Following admission for a 72-hour psychiatric hold, Jay experiences life on the psych ward and the many characters that call it home.

The book deals with not only the expected themes of mental illness, stigma, and addiction, but also with religion, perception, love and failures of the healthcare system.

Its strongest points are when Jay is in conversation with his psychiatrist. He relates what it's like being in a depressive episode, telling the story of his mental illness and where it came from. Clearly, these are pieces that come from Jay's real experience, rather than a semi-fictional account. This is not a memoir, but I often wished it was. Chirino's real-life story is the most intriguing part of the book. There's an honesty to the words in these parts that is lacking elsewhere; even if his memories to his psychiatrist are full of more flowery embellishments than most people would ever share verbally.

The blend of fiction and reality wasn't always seamless. Characters were overly described, rather than revealed. The constant commenting on women's appearance comes across as seedy rather than what-I-hope-was-the-intended subtle. But its strengths lie in the honesty of mental illness and addiction and the hope of recovery.

The book is due to be published on 1 November 2017.

Find out more:

Website: http://www.theflawedones.com
Facebook: https://www.facebook.com/theflawedones
Twitter: https://twitter.com/theflawedones
Goodreads: https://www.goodreads.com/book/show/35893903-the-flawed-ones---a-story-of-mental-illness-addiction-and-love

*Disclaimer* This book was given to me in return for a review, however the review is entirely my own opinion. 

Tuesday, 10 October 2017

What’s left to say?

I’ve beaten my mental illness to death. Or at least, I’ve beaten talking about my mental illness to death.

Today is World Mental Health Day, and I’ve found myself with nothing left to say.

I have depression and anxiety. I've had them ever since I can remember, but was formally diagnosed six years ago. Ever since, I've tried to use my diagnoses for good through campaigning, blogging, and raising awareness and money.

But how many times can I repeat my mental health story? How many times must I say that it’s okay to not be okay? That it does get better? That recovery isn’t always possible? That medication doesn’t have to be bad?

I’ve been saying it offline and online for the past six years and it feels like it’s all been for nothing, because what’s changed?

I’m frustrated at the lack of progress in mental illness in this country.

Services are badly under-funded and under-staffed. People on waiting lists can’t wait any longer.
I still hide my mental illness in work.
Celebrities are still mocked for their breakdowns.
TV continues to perpetuate the stigma around mental illness with unfair and untrue representation.
Halloween events still run ‘insane asylums’.
We justify acts of terror on mental illness.

It feels like we take a step forward only to take another one back.
So what’s left for me, or anyone, to say?

I know that there’s no immediate fix to the stigma, the lack of resources and support, or to my own mental health battles. But keeping up this fight is exhausting. I want the battle to be over. I want to be able to tell people when I'm having a bad day without fearing they'll think less of me or treat me differently. I want to be able to socialise and have conversations without having to discourage someone from describing their mood as ‘depressing’ or having to explain why a mental illness doesn't make someone 'dangerous' after every mass murder.

I want there to be nothing left to say when it comes to mental health because we all accept, acknowledge and support it.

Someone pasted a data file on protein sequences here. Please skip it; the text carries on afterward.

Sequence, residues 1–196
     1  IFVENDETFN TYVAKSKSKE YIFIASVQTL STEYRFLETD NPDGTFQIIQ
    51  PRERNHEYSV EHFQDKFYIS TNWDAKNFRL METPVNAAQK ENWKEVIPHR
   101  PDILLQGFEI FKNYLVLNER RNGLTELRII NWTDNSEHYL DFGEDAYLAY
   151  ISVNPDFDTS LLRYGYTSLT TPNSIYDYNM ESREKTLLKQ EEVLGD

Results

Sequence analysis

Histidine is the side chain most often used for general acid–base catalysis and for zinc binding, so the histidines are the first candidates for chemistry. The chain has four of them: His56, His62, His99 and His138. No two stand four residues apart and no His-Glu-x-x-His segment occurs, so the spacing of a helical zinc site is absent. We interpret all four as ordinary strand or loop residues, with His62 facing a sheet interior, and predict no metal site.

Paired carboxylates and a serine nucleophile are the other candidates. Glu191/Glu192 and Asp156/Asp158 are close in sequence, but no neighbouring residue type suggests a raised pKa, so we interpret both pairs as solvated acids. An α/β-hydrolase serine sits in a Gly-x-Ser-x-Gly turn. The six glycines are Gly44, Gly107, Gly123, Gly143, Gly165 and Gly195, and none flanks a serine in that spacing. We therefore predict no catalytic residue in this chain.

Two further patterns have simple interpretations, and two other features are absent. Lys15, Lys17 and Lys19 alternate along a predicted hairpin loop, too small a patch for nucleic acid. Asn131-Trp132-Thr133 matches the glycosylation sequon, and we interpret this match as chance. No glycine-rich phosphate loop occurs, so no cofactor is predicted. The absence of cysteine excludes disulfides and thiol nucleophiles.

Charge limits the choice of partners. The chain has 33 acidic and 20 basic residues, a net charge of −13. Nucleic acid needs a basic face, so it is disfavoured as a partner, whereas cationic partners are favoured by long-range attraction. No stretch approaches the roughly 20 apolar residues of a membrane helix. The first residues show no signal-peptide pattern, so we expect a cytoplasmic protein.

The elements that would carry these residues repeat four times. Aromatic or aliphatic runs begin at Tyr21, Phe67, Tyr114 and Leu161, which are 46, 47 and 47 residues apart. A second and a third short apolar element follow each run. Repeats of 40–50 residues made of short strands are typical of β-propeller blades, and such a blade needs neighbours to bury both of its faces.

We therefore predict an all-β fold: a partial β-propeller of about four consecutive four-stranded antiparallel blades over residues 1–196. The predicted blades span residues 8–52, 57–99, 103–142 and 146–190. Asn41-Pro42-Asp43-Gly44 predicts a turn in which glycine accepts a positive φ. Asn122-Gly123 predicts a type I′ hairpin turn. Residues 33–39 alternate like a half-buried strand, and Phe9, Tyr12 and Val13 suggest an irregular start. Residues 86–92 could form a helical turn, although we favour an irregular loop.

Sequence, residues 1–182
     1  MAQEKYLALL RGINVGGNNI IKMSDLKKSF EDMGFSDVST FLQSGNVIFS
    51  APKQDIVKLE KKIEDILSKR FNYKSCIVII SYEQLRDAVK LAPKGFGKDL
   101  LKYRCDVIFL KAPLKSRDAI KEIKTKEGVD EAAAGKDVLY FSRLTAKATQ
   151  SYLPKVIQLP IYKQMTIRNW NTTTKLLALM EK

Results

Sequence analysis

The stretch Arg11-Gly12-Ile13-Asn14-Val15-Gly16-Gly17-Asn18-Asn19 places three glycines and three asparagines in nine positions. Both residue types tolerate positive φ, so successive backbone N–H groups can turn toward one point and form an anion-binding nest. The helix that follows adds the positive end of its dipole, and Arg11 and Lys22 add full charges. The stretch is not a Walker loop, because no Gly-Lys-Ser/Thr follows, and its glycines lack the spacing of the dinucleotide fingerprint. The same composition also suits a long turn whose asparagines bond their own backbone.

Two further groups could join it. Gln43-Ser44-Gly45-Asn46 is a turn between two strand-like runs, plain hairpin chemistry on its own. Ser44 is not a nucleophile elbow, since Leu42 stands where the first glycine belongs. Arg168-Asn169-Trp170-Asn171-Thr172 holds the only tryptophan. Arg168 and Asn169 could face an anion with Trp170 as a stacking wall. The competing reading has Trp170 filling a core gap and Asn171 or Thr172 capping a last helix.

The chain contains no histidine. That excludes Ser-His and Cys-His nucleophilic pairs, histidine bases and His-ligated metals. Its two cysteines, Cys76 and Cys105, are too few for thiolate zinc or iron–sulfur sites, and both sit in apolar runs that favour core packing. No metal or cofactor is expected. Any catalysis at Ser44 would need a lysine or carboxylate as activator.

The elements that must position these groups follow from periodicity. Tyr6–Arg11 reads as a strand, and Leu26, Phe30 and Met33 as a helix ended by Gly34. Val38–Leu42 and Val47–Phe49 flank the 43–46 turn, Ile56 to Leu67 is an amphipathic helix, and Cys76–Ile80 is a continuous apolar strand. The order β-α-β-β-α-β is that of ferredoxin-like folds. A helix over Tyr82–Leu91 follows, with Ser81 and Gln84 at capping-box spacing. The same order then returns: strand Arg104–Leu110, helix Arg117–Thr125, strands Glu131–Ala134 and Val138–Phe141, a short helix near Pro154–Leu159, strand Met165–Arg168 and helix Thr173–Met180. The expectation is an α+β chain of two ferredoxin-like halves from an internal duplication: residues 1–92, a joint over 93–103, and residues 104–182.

Thursday, 28 September 2017

What’s wrong with depending on medication for your mental health?

Have you ever told someone with cancer to stop taking painkillers for their pain?

Or told those who inject themselves with insulin daily for their diabetes to stop? To question what they are putting in their body? To not to become dependent on the drugs?

One of the biggest stigmas that still exists in the context of mental illness is medication. As a society, we’re starting to accept mental health issues more and more. We know the '1 in 4' stats. We know it’s common. We know that young men are at risk of suicide.
We’re okay with people admitting they had a down day, they have depression, anxiety, OCD. We weren't always okay with it, but we're getting there. In fact, we think ‘fair play to you’ for coming forward and speaking publicly about their mental health.

But we’re only okay with it if their mental illness is not being treated with medication. Not being currently treated that is. If you used to be on meds but now you’re off, ‘fair play to you’.
But currently taking meds? Society hasn’t come to terms with this yet.

Non-pharmaceutical treatments are favoured. People want to talk about how exercise saved their lives. How they found recovery through meditation. It’s all about lifestyle changes.
If you just change the way you start your day, you’ll defeat anxiety! 
Exercises releases ‘feel-good’ endorphins, just like meds, but it’s better for you! 
You need to change your diet to improve your mental health.
There is merit in these points. Everyone should exercise, eat well and practice good, healthly mental health techniques regardless of having a mental illness. It’s how we build resilience and help fend off ever developing mental illness in the first place.

But when you have a mental health problem, it’s not that easy.

When I wrote about what it was like to forgot to take your meds after being on them for six years, it started a discussion. I was told 'Don't get dependent'. As if depending on medication that works for you, that helps you is a bad thing.

This wasn't new to me, I'd heard it before. In fact I've been hearing it my whole life, since long before I was diagnosed with a mental illness. I heard it when my doctor insisted I stop taking them so that I didn't get addicted. I heard it in interviews with people in recovery; in editorials and opinions pieces about the danger of pharmaceuticals for mental health. I heard it in comments from friends; 'Are you still on medication?' 'When do you think you'll stop taking it?'